Initial mechanical ventilation settings

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Overview

Initial ventilation settings

Disease Tidal Volume (mL/kg^) Respiratory Rate I:E PEEP FiO2
Traditional 8 10-12 1:2 5 100%
Lung Protective (e.g. ARDS) 6 12-20 1:2 2-15 100%
Obstructive (e.g. bronchoconstriction) 6 5-8 1:4 0-5 100%
Hypovolemic 8 10-12 1:2 0-5 100%

^Ideal body weight

Traditional

  • FiO2 100% (1.0) and ween down
  • Rate 8-12/min
    • consider 5-6 for asthma with permissive hypercapnea
  • Mode
    • A/C = default (most)
    • SIMV = with obstructive airway disease and an intact respiratory effort (e.g. some COPD, asthma)
    • PC = with intact respiratory effort and non-severe respiratory failure (prefered in chronic vent)
  • PEEP 0-5 mmH20
  • Tidal volume: 5-8 cc/kg (eg. 500-600cc)
    • (adjust to plateau pressure <35 cmH20)
  • I/E 1:2
  • Pressure support: 5-8cm to overcome endotracheal tube

Lung Protective Strategy

Background

  • Focuses on low-tidal volume ventilation to reduce ventilator-associated lung injury (e.g. barotrauma and volutrauma worsening/causing ARDS)[1]
  • Based on ARDSnet trial with demonstrated mortality benefit
  • Indicated for all intubated patients who do not have obstructive lung disease (COPD, asthma)[2]

Settings[3]

  1. Mode
    • Volume-assist control
  2. Tidal Volume (lung protection)
    • Start 6-8cc/kg predicted body wt
      • Predicted body weight is used because a persons lung parenchyma does not increase in size as the person gains more weight.
    • Titrate down if peak pressure >30 mmHg
  3. Inspiratory Flow Rate (comfort)
    • More comfortable if higher rather than lower
    • Start at 60-80 LPM
  4. Respiratory Rate (titrate for ventilation)
    • Avg patient on ventilator requires 120mL/kg/min for eucapnia
    • Start 16-18 breaths/min
    • Maintain pH = 7.30-7.45
  5. FiO2/PEEP (titrate for oxygenation)
    • Move in tandem to achieve:
    • SpO2 BETWEEN 88-95%
    • PaO2 BETWEEN 55-80

Lung Protective FiO2 and PEEP Scale[4]

FiO2 0.3 0.4 0.4 0.5 0.5 0.6 0.7 0.7 0.7 0.8 0.9 0.9 0.9 1.0 1.0 1.0
PEEP 5 5 8 8 10 10 10 12 14 14 14 16 18 20 22 24

Obstruction Strategy

Background

  • For patients with active bronchoconstriction (e.g. COPD, asthma)
  • The best ventilatory strategy for these patients is to avoid intubation if possible; mechanical ventilation will often make the pulmonary situation worse, rather than better.[5]
  • Goal = adequate time for expiration
  • Frequently requires deep sedation and analgesia (first-line); may required paralysis (second-line)[6]

Settings

  1. Mode
    • Volume-assist control
  2. Tidal Volume
    • Vt = 6-8 cc/kg of Ideal Body Weight
      • Ideal Body Weight used because lung parenchyma does not increase in size as the person gains more weight
  3. Inspiratory Flow Rate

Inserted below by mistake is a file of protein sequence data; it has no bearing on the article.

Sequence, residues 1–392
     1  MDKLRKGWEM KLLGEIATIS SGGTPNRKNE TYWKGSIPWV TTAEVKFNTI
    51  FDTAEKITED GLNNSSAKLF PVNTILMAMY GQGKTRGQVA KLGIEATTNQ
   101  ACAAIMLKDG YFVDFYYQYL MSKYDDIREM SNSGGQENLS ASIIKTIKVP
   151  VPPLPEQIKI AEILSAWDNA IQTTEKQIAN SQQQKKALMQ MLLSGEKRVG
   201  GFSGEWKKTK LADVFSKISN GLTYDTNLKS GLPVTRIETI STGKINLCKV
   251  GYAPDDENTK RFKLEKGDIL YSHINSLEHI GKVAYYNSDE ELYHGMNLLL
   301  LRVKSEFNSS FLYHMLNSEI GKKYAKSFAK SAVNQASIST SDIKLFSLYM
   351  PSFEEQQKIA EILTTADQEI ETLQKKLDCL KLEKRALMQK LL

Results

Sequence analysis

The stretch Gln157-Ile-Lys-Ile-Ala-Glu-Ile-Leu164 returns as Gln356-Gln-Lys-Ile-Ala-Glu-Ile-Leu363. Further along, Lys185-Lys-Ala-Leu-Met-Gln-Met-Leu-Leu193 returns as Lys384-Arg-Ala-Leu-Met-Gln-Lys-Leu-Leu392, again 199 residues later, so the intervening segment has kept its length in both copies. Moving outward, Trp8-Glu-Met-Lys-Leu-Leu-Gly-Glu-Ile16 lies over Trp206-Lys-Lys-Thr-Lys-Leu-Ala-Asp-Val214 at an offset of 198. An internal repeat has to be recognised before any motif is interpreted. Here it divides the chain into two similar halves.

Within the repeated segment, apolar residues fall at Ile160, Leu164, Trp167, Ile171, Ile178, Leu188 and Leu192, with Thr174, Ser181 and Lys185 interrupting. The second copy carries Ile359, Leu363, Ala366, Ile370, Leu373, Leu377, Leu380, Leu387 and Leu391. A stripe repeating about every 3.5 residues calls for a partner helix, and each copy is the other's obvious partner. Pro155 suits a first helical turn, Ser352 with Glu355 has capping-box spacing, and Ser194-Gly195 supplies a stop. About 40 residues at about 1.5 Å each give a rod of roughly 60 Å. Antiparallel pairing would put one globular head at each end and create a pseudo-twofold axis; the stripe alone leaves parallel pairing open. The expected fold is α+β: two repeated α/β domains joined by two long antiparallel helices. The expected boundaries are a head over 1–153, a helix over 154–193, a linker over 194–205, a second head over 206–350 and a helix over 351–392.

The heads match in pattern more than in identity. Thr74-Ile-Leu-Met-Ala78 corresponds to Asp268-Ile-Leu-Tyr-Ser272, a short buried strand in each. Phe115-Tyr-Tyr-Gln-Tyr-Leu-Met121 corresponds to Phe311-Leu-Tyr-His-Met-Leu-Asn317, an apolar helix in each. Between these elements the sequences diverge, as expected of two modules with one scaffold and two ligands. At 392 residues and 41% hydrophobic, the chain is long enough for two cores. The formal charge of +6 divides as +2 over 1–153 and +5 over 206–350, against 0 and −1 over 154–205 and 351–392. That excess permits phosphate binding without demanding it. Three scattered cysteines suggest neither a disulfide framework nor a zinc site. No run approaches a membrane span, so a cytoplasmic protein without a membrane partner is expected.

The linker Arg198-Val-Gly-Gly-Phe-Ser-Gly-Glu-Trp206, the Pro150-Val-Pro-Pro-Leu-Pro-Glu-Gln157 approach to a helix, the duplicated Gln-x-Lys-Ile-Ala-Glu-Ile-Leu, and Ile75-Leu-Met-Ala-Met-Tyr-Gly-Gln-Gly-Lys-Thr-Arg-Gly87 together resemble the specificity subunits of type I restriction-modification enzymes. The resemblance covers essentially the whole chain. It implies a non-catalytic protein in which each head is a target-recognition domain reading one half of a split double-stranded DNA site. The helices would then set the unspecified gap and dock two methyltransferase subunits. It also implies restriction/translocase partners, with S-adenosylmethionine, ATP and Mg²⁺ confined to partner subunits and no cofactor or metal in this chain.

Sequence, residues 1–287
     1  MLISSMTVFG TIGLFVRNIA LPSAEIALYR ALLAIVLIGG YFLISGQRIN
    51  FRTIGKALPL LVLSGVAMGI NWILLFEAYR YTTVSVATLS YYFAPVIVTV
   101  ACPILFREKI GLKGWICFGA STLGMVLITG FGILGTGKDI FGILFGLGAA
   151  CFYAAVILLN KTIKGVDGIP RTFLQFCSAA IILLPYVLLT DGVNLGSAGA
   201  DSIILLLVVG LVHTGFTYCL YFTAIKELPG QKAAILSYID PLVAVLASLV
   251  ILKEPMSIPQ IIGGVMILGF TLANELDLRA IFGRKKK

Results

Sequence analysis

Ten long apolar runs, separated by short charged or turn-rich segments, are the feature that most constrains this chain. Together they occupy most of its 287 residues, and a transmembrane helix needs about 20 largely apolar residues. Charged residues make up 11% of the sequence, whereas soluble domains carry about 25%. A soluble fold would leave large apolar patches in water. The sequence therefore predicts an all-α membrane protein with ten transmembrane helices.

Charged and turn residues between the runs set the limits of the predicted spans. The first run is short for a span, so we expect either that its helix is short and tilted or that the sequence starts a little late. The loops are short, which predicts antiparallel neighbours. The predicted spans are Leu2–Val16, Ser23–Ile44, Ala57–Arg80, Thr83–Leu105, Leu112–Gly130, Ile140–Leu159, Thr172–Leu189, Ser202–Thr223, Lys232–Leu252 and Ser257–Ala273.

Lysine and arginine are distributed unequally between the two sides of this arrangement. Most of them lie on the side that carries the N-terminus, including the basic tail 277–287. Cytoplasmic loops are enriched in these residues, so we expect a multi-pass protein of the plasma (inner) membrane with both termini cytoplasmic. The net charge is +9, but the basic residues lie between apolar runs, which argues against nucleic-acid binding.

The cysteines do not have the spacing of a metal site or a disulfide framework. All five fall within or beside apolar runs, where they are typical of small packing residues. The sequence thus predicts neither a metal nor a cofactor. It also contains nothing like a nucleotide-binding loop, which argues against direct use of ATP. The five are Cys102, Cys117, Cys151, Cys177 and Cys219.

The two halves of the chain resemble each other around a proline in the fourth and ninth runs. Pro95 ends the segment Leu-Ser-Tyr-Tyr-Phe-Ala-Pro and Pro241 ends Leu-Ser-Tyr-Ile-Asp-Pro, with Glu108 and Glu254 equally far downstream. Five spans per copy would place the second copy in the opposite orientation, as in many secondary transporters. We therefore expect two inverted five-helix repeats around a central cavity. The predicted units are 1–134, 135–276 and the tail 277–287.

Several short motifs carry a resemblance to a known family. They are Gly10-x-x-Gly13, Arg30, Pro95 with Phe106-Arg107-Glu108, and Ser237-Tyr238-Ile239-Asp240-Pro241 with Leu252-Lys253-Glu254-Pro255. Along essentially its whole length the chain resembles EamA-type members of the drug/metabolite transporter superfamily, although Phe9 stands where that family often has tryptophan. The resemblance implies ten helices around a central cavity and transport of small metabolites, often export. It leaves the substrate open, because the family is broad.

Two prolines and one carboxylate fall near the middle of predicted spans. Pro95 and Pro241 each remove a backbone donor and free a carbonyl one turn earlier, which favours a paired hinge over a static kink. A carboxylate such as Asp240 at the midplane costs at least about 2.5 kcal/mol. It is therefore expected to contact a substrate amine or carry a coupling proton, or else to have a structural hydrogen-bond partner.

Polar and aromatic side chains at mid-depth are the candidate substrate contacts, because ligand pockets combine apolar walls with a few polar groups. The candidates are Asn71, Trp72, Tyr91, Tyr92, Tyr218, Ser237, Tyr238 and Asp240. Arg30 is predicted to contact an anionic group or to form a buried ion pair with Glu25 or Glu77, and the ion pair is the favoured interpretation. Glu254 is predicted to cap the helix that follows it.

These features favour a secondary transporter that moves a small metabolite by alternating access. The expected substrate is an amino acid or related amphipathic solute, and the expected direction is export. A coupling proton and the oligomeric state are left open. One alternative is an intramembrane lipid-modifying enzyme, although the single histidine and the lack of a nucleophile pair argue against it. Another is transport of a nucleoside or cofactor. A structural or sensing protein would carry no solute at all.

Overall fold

• 60-80 L/minute
      • Some advocate for higher rates (e.g. 80-100 LPM) to allow more expiration time, however this will increase the peak pressures and has not shown to produce any clinically meaningful change in the expiration time[7][8]
  4. FiO2/PEEP
    • Titrate FiO2 to desired SpO2
    • Set PEEP 0-5
  5. Respiratory Rate
    • Set low - 10 BPM
    • Adjust for I:E 1:4 or 1:5
    • Permissive hypercapnia to avoid breath stacking
      • Ok as long as pH > 7.00-7.10
      • Maintain plateau pressure <30[9]
        • If >30 go down on rate

Hypovolemic

  • Consider reducing PEEP to maintain adequate preload and prevent/minimize hypotension

Miscellaneous

Normally already set

  • Inspiratory flow rate = 60L/min[10] (100 L/min with asthma)
  • Sensitivity = 1-2 cmH2O

See Also

Mechanical Ventilation Pages

References

  1. Weingart SD. Managing Initial Mechanical Ventilation in the Emergency Department. Ann Emerg Med. 2016;68:614-617
  2. Weingart SD. Managing Initial Mechanical Ventilation in the Emergency Department. Ann Emerg Med. 2016;68:614-617
  3. The Acute Respiratory Distress Syndrome Network. Ventilation with lower tidal volumes as compared with traditional tidal volumes for acute lung injury and the acute respiratory distress syndrome. The Acute Respiratory Distress Syndrome Network. N Engl J Med. 2000;342(18):1301-1308.
  4. The Acute Respiratory Distress Syndrome Network. Ventilation with lower tidal volumes as compared with traditional tidal volumes for acute lung injury and the acute respiratory distress syndrome. The Acute Respiratory Distress Syndrome Network. N Engl J Med. 2000;342(18):1301-1308.
  5. Weingart SD. Managing Initial Mechanical Ventilation in the Emergency Department. Ann Emerg Med. 2016;68:614-617
  6. Weingart SD. Managing Initial Mechanical Ventilation in the Emergency Department. Ann Emerg Med. 2016;68:614-617
  7. Weingart SD. Managing Initial Mechanical Ventilation in the Emergency Department. Ann Emerg Med. 2016;68:614-617
  8. Leatherman JW, McArthur C, Shapiro RS. Effect of prolongation of expiratory time on dynamic hyperinflation in mechanically ventilated patients with severe asthma. Crit Care Med. 2004;32:1542-1545.
  9. 20. Oddo M, Feihl F, Schaller MD, Perret C. Management of mechanical ventilation in acute severe asthma: practical aspects. Intensive Care Med. 2006; 32(4):501-510.
  10. Weingart SD. Managing Initial Mechanical Ventilation in the Emergency Department. Ann Emerg Med. 2016;68:614-617